The Spanish lycanthrope arrived successfully to Spanish screens with The Mark of the Wolfman (Eguiluz, 1968), introducing iconic actor and scriptwriter Paul Naschy as…
The Spanish lycanthrope arrived successfully to Spanish screens with The Mark of the Wolfman (Eguiluz, 1968), introducing iconic actor and scriptwriter Paul Naschy as werewolf Waldemar Daninsky. This persona would be later developed in more depth in The Werewolf Versus the Vampire Woman (Klimovsky, 1970) and Curse of the Devil (Aured, 1972). Furthermore, Daninsky’s construction responded to the historical repressive context of Francoist Spain, and the strong ideal of masculinity imposed and promoted under the fascist regime (Pulido, 2012).
After a long hiatus in the horror genre, the more recent film Game of Werewolves (Martínez Moreno, 2011) revisits the figure of the Spanish lycanthrope by introducing two different sets of characters embodying two different types of masculinity and, more significantly, by linking the strong, traditional male identity to the myth of the werewolf, paying homage to Waldemar Daninsky.
Thus, through the film’s historically contextualized textual analysis, the chapter seeks to study the myth of the werewolf in twenty-first-century Spain, in relation to the changes in the masculine identity and the historical context to which it refers, exploring the struggle of men to move from the traditional male identity imposed during the dictatorship to a more progressive one.
The purpose of this paper is to explore the availability and features of Latin American and Spanish online videos available through video vendors and other providers to US…
The purpose of this paper is to explore the availability and features of Latin American and Spanish online videos available through video vendors and other providers to US academic libraries.
The paper examines US, Spanish, and Latin American video vendors that offer online videos about and/or are produced in Latin America and Spain. The study focuses on: content, technical aspects, and terms of purchase. For video vendors providing digital delivery systems, searching capabilities and special features are also analyzed. The paper also evaluates video providers interested in working with academic libraries. The availability of videos integrated in major multimedia databases is also explored.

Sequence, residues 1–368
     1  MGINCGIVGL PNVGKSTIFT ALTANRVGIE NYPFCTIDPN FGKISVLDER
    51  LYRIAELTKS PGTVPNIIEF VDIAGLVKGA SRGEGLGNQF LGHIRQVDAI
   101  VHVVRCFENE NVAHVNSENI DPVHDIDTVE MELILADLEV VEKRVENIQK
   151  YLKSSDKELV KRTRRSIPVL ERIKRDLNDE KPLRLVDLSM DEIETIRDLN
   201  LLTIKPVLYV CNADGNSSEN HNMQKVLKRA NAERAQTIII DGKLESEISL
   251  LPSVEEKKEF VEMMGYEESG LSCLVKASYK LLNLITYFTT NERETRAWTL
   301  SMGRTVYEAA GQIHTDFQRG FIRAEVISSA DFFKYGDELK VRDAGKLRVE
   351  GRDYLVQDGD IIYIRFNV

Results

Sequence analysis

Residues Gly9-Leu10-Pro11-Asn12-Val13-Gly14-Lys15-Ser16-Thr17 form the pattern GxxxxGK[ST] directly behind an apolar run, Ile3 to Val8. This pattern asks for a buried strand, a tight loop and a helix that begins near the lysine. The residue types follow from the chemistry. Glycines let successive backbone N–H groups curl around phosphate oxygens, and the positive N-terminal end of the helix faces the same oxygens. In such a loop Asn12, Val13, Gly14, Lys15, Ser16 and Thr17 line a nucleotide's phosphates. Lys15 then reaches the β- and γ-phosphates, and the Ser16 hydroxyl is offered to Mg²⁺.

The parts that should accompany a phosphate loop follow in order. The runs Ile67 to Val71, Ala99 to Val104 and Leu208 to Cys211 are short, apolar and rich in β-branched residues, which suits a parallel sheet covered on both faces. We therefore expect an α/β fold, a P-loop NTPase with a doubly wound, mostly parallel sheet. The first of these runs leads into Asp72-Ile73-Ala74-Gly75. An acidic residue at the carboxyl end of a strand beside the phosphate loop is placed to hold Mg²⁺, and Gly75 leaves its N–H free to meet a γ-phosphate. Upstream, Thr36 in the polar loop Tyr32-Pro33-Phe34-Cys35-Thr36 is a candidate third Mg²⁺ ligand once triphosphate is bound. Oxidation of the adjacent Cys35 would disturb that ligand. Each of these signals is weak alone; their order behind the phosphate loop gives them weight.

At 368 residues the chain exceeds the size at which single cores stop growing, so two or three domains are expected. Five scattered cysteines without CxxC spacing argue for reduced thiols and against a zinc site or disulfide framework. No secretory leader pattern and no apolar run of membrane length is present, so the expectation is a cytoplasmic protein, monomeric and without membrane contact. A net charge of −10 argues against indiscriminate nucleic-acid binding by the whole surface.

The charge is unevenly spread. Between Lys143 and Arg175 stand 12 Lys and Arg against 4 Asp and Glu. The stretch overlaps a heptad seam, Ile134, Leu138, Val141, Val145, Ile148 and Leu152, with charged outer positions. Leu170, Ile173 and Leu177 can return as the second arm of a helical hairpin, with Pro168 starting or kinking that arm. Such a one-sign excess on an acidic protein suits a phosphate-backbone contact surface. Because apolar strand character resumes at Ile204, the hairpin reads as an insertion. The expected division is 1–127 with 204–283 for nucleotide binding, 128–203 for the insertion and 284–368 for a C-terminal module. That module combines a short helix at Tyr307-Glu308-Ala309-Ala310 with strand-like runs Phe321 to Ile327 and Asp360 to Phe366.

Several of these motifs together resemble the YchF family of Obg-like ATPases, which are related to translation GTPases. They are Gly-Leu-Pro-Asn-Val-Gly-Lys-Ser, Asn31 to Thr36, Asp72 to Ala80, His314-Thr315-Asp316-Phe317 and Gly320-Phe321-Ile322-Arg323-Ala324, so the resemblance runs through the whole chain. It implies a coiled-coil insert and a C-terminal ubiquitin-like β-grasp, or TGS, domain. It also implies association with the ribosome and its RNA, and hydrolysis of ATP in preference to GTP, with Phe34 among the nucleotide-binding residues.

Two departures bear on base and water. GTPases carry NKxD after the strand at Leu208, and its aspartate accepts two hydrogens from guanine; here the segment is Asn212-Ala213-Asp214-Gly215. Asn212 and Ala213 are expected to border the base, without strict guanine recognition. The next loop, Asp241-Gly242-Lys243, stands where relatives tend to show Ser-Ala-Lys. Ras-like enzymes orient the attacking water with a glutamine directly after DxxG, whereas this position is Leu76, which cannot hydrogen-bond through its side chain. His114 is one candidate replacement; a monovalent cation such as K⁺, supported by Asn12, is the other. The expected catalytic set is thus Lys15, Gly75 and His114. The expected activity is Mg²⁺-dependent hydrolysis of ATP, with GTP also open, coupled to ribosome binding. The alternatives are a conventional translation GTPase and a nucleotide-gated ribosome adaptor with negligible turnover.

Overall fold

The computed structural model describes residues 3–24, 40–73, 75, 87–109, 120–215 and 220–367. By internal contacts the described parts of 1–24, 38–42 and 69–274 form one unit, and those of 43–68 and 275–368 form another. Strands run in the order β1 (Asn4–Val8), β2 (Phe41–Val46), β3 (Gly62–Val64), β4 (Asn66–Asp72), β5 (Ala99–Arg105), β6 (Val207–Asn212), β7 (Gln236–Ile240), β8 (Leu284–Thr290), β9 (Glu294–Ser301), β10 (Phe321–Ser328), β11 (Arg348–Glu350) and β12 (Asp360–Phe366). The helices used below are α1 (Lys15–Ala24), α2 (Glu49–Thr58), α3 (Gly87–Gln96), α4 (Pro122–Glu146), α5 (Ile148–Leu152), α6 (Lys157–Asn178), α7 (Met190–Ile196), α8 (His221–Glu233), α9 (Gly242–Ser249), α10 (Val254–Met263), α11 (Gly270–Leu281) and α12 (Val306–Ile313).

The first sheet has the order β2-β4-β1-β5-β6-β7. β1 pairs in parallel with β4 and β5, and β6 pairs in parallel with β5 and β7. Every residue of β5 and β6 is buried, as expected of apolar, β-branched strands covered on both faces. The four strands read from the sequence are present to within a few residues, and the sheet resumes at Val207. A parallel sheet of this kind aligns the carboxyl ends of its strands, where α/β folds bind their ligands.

The paper concludes that the Spanish and Latin American online video marketplace for academic libraries is still emerging, especially for those video vendors located abroad. The relatively small number of offerings are mostly documentaries. Streaming via internet protocol access is the most common way of delivery. Term licenses are standard and access is allowed both off‐campus and on‐campus.
Little research has been done on the availability of Latin American and Spanish online videos. This research would be especially useful for librarians responsible for collection development in these subject areas.
Various law and film scholars have noted that the judge occupies the place of a marginal figure in ‘legal cinema’ and in related scholarship. In this chapter I want to…
Various law and film scholars have noted that the judge occupies the place of a marginal figure in ‘legal cinema’ and in related scholarship. In this chapter I want to engage with the debate about the representation of the judge in film by way of an examination of a South African documentary, ‘Two Moms: A family portrait’ (2004). In the first instance this ‘family portrait’ appears to be neither an obvious candidate for inclusion in the canon of ‘legal cinema’ nor a film with a plotline dominated by a judge. But from this rather unpromising start this chapter explores how a film about an ordinary family made up of extraordinary people is an extraordinary film about law in general and about the figure of the judge in particular.
While horror film is hardly new to Latin America, film scholars have largely emphasized the paradigms of socially engaged, ‘serious cinema’ over exploring how genre, cult…
While horror film is hardly new to Latin America, film scholars have largely emphasized the paradigms of socially engaged, ‘serious cinema’ over exploring how genre, cult or other transgressive film-making modes have developed in and reflect the region (Tierney, 2014). To characterize Latin American horror, it is typified by the supernatural, which indeed contradicts serious cinema. Since about 2010, however, Latin American film-makers have revisited the ‘abduction’ subgenre of horror film. This chapter analyses three such films – Scherzo Diabolico (García Bogliano, 2015), Luna de Miel (Cohen, 2015) and Sudor Frío (García Bogliano, 2010) – to suggest how their representations of gender and class complicate assumptions about everyday life in the region. The chapter also interrogates how this revived mode of horror film-making reconfigures gender ideologies to challenge the Latin American sociopolitical structures of machismo and patriarchy. By integrating conceptualizations of hybridity with transnational views on horror film-making and Freeland’s (1996) reworked feminist strategy for analysing horror texts, this chapter argues that, in tandem with new means of accessing and viewing Latin American horror globally, we should rethink how the abduction subgenre reflects new realities of Latin American society.